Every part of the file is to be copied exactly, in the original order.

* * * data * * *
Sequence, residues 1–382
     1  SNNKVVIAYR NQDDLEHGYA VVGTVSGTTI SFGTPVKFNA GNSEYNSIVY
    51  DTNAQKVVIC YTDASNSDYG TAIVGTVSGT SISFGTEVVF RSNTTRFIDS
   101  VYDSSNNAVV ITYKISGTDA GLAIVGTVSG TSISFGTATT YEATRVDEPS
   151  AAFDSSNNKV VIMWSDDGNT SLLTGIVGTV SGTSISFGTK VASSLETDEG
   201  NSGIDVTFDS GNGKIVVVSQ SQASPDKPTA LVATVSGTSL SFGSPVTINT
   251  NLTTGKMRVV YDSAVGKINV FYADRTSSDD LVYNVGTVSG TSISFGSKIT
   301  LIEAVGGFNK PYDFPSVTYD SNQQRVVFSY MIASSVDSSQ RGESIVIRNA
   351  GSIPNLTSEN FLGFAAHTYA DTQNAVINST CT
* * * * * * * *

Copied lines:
Sequence, residues 1–382
     1  SNNKVVIAYR NQDDLEHGYA VVGTVSGTTI SFGTPVKFNA GNSEYNSIVY
    51  DTNAQKVVIC YTDASNSDYG TAIVGTVSGT SISFGTEVVF RSNTTRFIDS
   101  VYDSSNNAVV ITYKISGTDA GLAIVGTVSG TSISFGTATT YEATRVDEPS
   151  AAFDSSNNKV VIMWSDDGNT SLLTGIVGTV SGTSISFGTK VASSLETDEG
   201  NSGIDVTFDS GNGKIVVVSQ SQASPDKPTA LVATVSGTSL SFGSPVTINT
   251  NLTTGKMRVV YDSAVGKINV FYADRTSSDD LVYNVGTVSG TSISFGSKIT
   301  LIEAVGGFNK PYDFPSVTYD SNQQRVVFSY MIASSVDSSQ RGESIVIRNA
   351  GSIPNLTSEN FLGFAAHTYA DTQNAVINST CT